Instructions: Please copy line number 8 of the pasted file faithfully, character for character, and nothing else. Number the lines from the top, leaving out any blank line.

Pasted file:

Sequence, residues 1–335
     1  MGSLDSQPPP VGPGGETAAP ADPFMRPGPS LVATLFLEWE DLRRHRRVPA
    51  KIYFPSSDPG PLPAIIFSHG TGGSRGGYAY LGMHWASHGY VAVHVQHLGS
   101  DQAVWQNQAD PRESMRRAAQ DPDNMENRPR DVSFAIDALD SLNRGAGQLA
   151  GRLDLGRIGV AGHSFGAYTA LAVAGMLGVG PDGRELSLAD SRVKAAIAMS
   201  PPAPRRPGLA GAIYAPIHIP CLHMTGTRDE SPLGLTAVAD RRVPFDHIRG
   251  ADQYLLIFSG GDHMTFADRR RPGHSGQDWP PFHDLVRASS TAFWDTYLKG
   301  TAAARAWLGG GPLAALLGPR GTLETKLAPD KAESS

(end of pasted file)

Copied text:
   301  TAAARAWLGG GPLAALLGPR GTLETKLAPD KAESS